Research Thesis Topic
Developing an Integrated Climate and Sweet Potato Production Model for PNG and Queensland (a Coffee Model is Also Possible)
The predominance of subsistence agriculture in Papua New Guinea (PNG) highlights the importance of food security. Small holders have generally learnt to manage the localised shortages of food that occur regularly through the use of families and friends and purchasing food from the sale of cash crops such as coffee and potatoes. It is the large scale shortages of food that occur irregularly that threaten human health and survival such as during the 1997 El Nino.
Extreme events (droughts and floods) have significant impacts on agricultural production and natural resource management. On a national scale droughts are associated with El Niño's and wet events are associated with La Niña's. There are local and regional differences that are important to understand.
During extreme events that cause widespread food shortages the PNG government has relied upon food aid (national and international) and more recently on small holders’ self-reliance to purchase imported food. It is the more remote and isolated rural communities that are most vulnerable because of their poor access to food distribution points and markets to sell produce from cash crops.
Sweet potato is the dominant staple food and is therefore the most important crop in PNG. Over 60% of the rural population depend on it as their main food source. About 75% of annual sweet potato production is grown in the highlands. Climatic extremes, particularly high soil moisture, droughts and frosts are among the main constraints to production. Although sweet potato is relatively drought tolerant, excessive wet periods during tuber initiation followed by drought during tuber development significantly reduce tuber production, and the low yields may not be discovered until harvest. Repeated frost also significantly reduces tuber yield. Being a crop grown below ground, the yields of sweet potato are not known until harvest time. A climate integrated sweet potato production model can help predict yields some months in advance which will help with management of the impacts from these extreme events.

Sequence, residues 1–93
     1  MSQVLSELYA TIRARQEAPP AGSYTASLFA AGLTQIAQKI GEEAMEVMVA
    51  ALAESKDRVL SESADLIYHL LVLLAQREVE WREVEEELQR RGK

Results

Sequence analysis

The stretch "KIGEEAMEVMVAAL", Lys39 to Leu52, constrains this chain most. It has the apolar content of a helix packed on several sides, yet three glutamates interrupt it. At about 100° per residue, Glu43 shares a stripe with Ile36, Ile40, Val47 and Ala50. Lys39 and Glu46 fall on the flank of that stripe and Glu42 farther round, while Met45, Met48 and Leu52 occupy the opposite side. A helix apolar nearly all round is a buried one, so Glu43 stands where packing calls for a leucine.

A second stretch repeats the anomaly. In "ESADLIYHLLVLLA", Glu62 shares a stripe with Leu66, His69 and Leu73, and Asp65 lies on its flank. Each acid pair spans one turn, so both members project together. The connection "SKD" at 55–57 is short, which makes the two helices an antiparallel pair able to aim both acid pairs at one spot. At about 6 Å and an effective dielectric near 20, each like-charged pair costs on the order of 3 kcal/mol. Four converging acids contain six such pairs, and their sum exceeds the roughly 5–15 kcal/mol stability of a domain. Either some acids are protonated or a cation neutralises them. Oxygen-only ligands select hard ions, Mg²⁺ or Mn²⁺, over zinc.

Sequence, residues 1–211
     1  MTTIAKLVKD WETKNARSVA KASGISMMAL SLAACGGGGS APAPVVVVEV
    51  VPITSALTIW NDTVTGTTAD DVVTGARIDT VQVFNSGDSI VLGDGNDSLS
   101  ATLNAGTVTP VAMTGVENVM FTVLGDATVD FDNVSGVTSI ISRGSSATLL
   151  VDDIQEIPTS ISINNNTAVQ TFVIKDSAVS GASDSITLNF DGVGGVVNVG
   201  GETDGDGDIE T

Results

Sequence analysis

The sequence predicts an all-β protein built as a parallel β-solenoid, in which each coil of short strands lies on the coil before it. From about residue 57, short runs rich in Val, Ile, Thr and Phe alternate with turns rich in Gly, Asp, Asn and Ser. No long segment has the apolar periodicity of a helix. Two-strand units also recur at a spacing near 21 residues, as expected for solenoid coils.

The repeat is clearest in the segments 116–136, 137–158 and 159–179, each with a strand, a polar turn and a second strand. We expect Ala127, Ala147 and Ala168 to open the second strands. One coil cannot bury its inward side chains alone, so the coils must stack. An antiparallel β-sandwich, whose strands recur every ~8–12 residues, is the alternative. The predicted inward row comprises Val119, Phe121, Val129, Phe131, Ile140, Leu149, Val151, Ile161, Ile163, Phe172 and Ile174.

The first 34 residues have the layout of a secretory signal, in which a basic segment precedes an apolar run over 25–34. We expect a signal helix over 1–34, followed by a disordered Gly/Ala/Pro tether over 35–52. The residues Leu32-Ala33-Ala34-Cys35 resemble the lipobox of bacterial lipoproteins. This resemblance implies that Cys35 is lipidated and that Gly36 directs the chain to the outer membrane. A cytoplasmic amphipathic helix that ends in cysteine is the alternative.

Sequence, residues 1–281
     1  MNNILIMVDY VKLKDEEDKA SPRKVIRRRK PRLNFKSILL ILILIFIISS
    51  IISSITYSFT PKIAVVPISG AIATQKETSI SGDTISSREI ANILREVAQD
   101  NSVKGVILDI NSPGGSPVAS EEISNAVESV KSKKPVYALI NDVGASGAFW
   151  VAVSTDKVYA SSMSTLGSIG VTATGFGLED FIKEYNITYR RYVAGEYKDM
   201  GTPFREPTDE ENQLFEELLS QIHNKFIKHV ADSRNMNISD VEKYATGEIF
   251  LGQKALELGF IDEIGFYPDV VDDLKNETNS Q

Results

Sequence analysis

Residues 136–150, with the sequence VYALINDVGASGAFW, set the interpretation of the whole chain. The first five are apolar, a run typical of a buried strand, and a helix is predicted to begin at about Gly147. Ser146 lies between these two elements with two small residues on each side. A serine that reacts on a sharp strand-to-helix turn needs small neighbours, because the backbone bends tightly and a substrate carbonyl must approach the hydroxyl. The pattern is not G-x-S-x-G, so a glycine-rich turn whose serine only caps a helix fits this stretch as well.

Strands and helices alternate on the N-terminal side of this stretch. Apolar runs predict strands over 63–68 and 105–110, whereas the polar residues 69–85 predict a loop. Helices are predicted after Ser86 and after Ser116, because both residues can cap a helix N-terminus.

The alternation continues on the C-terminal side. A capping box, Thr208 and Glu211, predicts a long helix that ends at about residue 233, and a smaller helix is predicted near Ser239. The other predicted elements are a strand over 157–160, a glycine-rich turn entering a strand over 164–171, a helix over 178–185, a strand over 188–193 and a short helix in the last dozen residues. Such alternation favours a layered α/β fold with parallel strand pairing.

Smallholders produce about 85% of the coffee grown in PNG making it a valuable cash crop for many villages. It is grown mainly for export and represents ~40% of all agricultural exports. The production of coffee is triggered by natural cycles of dry and wet conditions however extreme wet periods in poorly drained soils have as large a negative impact on production as drought, particularly during cherry ripening and development when large quantities of nutrients and water are required for high yields. A climate integrated model for Robusta coffee in Vietnam has been developed, but there is nothing for Arabica coffee which is the main species grown in PNG.
This project will use the potato model in APSIM as the framework and data from Qld and PNG to parameterise a climate driven sweet potato model. Another aspect could be to develop an Arabica coffee model using PNG coffee data.
- International Centre for Applied Climate Sciences
- Agriculture, Land and Farm Management
- Atmospheric Sciences
- Doctor of Philosophy (DPHD)
- Master of Research (MRES)
Please review the admission requirements for the academic program associated with this Thesis Topic